I worked on getting in touch with Bank of America, but couldn't get past the phone tree.

We hung around and waited for the sun to warm things up, and after stepping back out into the parking lot things felt much better.

We took off on more roads that I don't know anything about.  I do remember stopping near the interstate to check the map books and the GPS.   We made it into Hot Springs where we sorted things out across the street from the appropriately named Hillbilly Market.
​Breakfast at Corky's.  Photo Mark Gordon
​Uncle Phil and Peter Menard (in red) checking the maps
Photo Paul Smith

The afternoon ride was very interesting.  After a lot of good leaning and back road chasing we found SR 197, a good but somewhat bizarre road.

I was mid pack, as the highway turned corkscrew twisty up the mountain.   Riders in front of me danced around various lines, it seemed no one could decide which line was best, and as a result they set out on their own.   One turn we were low, the next we moved high.   On many of the tight switchbacks I dropped into second gear.  We kept moving up in elevation into a clearing nearing the top.  I could see bikes above and I could look down at a line of STs behind me.  Peter Menard (riding sweeper) said it was one the neatest things. he had ever seen.  He said- "I could see a long line of bikes through the trees 3-4 steps high."  

At the top of the mountain the pavement ended and we found ourselves on a gravel, rutted out pig trail.  "What the hell?  Where are those boys up there takin us?"  My ST really doesn't like dirt roads, but I hung in there, fighting my way through the dust clouds.

We rode for several miles till we found ourselves on the other side, back on pavement.  A few took a wrong turn, and were wondering aimlessly in the hills.  We discovered something was wrong and doubled back a few miles to catch Uncle Phil. The leaders found a spot and we took to the side to sort things out.  I asked someone-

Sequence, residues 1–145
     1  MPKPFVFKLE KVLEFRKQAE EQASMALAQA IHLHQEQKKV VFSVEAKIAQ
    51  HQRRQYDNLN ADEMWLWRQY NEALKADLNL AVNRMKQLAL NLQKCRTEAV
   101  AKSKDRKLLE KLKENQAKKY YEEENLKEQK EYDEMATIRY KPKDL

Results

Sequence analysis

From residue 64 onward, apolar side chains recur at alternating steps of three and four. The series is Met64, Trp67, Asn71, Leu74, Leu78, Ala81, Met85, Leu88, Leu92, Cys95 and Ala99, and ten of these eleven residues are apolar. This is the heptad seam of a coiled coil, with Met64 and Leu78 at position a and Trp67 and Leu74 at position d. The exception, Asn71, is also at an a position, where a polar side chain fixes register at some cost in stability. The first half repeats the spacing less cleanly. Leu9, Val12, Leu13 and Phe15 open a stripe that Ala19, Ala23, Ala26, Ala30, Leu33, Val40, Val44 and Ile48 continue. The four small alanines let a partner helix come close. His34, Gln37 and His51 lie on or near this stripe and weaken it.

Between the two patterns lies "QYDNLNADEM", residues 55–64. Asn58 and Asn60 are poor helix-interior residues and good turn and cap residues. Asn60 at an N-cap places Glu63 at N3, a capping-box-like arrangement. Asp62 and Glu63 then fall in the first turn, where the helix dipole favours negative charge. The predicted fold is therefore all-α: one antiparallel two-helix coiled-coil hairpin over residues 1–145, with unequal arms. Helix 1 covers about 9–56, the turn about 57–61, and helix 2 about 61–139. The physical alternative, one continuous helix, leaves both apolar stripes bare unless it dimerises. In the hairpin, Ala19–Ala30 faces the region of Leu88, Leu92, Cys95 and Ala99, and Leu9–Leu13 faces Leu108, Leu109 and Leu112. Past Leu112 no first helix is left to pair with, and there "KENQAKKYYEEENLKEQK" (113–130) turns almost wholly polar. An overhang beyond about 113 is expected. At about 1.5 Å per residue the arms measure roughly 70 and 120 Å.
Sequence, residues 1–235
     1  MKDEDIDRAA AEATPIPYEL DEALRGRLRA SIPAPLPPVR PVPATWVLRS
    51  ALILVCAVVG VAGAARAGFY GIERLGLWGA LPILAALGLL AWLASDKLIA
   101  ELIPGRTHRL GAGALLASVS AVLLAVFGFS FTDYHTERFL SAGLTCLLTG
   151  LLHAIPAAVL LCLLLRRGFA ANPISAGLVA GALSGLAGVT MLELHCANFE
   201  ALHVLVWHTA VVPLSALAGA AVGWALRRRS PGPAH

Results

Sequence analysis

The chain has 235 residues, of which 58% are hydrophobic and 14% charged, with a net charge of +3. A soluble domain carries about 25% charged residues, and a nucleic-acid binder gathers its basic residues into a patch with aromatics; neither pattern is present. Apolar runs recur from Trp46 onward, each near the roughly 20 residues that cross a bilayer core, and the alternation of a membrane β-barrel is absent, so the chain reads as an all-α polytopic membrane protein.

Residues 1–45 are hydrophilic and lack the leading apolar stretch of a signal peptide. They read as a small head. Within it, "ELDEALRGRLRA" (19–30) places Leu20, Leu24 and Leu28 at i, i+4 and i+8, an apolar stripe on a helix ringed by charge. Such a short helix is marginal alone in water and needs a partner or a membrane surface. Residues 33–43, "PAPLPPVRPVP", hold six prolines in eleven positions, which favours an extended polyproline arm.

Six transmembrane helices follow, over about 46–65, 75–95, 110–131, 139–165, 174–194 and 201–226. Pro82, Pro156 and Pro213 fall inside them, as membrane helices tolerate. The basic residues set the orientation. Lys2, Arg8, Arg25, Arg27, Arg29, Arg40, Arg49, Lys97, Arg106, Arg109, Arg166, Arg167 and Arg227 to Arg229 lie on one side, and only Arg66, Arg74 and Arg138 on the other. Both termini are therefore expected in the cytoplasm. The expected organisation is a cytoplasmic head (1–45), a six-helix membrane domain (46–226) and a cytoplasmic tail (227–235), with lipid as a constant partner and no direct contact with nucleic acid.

"So what's goin on?"

"I dunno, Uncle Phil and the GPS boys are sorting it out now."

I spent the time chatting and cutting up with the others, confident the leaders would get us out of these hills and back to campground.

We got back on the road and was leaning hard moving up in elevation on a road I can't name.  The surface was not the best, but at least it was paved, it was hard to hold the 1300 on a line, because the road bounced me all over.  "Dang, this road is gonna run outta pavement any minute."  My prophecy turned true, and soon we were high in the mountains on another "unimproved" road.  This one was worse than the first.  

The dirt was thankfully hard packed, but very dusty.  We met a boy in a pickup coming down the mountain.  I bet he was laughing his butt off when he saw this long line of sport touring bikes trying to get up the mountain.  "What the hell are THEY doin?" I could hear him ask.  The leaves on the road looked undisturbed.  "Nobody has been on this road in a loooooong time." I thought.

The 1300 has very good suspension, but the units on mine are set up semi hard, and I was taking a pretty good beating, but I had little problem keeping the ST upright.  

The old road seemed like it was going to go forever, but at last we made it to the Blue Ridge Parkway.  How I don't know, next thing I know we emerge out of the woods onto pavements.  Thankfully the gate was up, but if it had been down I don't think it was going to stop us from getting on that velvet pavement.  I wasn't going back down the hill.

We busted out on the Parkway out of the woods and headed south to US 276 and home.  The afternoon was waning, and I was ready to return.

We stopped at a turnout to reorganize.  "Ok whose the joker, that come up with THAT route??"  "Well it did save us about 50 miles."  I heard someone say.